Robin is worried that speculators will ruin the market for these social
policy incentive bonds by buying too many of them.
I can't see how this is a long term problem. Ticket scalpers may buy more
tickets than they can sell. They take the loss. If speculators buy too
many bonds and prevent the do-gooders from getting enough to make doing
good worthwhile, the speculators will lose out and learn not to speculate
on social policy bonds they don't intend to take action on. If the
do-gooders wait a while, the speculators will realize their misfortune
(because the market will fall since no one is performing good works) and
sell. The do-gooders can now buy at reduced prices.
Why will the price stay high if the ownership by the wrong people is
preventing the good works from being in anyone's interest?
Robin also suggests that short sellers may be a problem. In this case, I
would want to know whether the short sellers can take manifest actions that
prevent the goal from being reached, or whether they have to be
surreptitious. It may be necessary to stay away from issues where short
sellers would have enough leverage to earn a profit.
Robin actually started this section out by saying "for every buyer there is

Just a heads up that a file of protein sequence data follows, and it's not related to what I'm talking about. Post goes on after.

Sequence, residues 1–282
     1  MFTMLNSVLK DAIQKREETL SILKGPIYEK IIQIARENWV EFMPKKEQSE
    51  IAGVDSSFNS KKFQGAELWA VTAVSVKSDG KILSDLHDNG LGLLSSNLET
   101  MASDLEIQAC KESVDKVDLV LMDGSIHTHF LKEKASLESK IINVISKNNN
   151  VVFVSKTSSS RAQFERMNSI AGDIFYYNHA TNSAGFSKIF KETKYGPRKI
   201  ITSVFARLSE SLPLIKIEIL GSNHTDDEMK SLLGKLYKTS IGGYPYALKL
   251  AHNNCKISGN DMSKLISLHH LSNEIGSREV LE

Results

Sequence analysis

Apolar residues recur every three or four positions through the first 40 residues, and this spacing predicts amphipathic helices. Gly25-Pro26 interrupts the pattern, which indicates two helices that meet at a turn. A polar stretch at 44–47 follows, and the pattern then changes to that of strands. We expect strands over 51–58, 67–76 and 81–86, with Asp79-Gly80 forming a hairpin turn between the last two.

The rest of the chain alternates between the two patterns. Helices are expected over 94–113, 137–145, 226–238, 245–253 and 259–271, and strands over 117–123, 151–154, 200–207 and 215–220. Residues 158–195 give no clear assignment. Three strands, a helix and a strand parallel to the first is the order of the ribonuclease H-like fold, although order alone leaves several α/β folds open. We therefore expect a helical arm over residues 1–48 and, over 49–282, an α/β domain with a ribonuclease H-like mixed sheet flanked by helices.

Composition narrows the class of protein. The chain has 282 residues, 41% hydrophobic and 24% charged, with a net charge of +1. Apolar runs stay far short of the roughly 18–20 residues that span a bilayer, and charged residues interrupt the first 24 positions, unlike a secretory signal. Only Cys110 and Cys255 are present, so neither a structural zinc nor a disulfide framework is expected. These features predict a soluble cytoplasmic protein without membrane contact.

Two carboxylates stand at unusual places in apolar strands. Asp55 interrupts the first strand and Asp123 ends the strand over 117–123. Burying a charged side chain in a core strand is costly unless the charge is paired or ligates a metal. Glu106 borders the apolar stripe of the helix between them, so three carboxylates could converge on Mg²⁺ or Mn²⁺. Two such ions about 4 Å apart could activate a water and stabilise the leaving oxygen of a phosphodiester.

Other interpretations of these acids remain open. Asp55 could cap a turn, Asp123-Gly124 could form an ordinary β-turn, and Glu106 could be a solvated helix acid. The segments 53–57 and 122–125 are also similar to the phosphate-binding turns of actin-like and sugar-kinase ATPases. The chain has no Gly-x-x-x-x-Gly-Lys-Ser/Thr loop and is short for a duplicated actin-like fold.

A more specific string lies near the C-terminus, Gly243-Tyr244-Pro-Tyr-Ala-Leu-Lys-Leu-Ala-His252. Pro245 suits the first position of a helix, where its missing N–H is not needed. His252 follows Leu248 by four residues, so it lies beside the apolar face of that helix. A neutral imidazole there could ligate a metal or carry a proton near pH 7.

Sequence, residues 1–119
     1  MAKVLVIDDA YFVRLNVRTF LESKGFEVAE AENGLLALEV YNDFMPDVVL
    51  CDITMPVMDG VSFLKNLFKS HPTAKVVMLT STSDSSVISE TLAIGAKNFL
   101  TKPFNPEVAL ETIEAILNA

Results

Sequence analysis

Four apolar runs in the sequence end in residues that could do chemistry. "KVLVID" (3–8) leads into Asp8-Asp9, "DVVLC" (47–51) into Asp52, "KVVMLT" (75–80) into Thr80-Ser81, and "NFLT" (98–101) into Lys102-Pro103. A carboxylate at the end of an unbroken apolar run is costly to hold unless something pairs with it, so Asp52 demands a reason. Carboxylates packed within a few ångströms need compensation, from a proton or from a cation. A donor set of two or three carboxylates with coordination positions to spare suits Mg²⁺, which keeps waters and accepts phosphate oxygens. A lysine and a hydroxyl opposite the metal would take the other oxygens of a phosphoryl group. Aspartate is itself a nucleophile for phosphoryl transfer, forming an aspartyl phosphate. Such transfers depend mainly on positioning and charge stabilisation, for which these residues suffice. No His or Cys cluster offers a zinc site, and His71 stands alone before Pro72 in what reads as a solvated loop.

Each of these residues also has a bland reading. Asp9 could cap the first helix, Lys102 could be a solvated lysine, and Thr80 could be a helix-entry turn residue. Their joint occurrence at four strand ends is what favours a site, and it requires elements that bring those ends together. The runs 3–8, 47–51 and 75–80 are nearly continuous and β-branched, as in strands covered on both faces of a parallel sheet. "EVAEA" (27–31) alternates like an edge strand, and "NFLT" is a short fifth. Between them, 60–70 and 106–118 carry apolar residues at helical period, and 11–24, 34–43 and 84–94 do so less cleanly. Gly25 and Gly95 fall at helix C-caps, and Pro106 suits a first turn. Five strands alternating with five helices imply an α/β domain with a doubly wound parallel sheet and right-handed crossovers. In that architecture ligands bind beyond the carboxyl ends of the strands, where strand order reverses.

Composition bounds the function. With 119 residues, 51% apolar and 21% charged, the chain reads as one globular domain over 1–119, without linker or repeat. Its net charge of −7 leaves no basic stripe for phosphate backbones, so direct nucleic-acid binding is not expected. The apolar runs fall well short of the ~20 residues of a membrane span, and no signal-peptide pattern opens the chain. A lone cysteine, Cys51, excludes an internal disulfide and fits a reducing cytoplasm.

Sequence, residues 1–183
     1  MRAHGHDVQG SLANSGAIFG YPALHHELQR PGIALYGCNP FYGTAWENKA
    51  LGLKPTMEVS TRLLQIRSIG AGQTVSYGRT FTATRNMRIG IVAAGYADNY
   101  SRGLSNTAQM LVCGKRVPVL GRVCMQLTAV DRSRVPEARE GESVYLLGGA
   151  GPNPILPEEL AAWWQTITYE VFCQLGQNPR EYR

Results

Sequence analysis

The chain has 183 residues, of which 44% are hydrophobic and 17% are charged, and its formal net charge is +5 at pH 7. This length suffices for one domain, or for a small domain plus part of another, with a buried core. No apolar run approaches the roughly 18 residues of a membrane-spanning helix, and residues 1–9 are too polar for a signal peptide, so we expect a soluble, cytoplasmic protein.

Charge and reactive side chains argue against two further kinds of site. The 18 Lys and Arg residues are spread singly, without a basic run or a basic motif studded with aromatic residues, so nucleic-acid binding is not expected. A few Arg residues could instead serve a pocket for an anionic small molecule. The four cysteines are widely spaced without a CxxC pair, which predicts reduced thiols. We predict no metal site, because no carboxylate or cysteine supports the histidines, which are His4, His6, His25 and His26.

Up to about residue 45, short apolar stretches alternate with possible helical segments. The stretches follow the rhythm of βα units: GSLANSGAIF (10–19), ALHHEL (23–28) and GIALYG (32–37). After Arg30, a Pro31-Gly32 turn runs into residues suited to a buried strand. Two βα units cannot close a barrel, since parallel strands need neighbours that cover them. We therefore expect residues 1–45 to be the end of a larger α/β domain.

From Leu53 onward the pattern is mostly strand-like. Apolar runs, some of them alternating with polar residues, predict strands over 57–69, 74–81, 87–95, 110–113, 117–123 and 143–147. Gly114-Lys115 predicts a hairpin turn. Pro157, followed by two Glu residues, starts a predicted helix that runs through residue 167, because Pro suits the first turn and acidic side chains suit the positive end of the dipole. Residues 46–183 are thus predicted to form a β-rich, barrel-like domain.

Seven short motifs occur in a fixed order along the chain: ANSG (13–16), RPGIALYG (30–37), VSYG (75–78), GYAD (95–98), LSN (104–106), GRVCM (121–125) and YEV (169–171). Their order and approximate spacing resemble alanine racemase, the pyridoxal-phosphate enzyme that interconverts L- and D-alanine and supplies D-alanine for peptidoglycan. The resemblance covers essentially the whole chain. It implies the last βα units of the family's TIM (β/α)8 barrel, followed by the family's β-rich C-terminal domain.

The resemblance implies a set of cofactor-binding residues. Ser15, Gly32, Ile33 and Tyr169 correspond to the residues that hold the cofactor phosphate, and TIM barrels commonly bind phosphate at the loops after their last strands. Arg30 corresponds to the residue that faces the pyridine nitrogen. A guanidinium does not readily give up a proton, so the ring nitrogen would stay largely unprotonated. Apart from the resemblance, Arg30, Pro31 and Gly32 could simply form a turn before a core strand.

a seller." It would actually be the case that the first seller prefers to
pay out the bond and reach the goal rather than not issue the bond. So the
first pair both prefer success. There after, every seller (includig short
sellers) is matched with a buyer. The short seller may have an interest in
the failure of the project, but if the prospective buyer believes that the
seller can prevent success, he'd be silly to create someone with that
I think the machinations that allow short selling are that some holders
lend out their shares to people who want to sell them with the intention of
buying them back later at lower price. If holders (who have a continuing
interest in the pursuit of the social goal) can refuse to lend and thereby
prevent short sellers from having the reverse incentive, then the problem
doesn't seem to arise. I'm not sure my description of the mechanics of the
market are correct, though.
--- Chris Hibbert It is easy to turn an aquarium into fish soup, but email@example.com not so easy to turn fish soup back into an aquarium. -- Lech Walesa on reverting to a market economy. http://discuss.foresight.org/~hibbert/home.html
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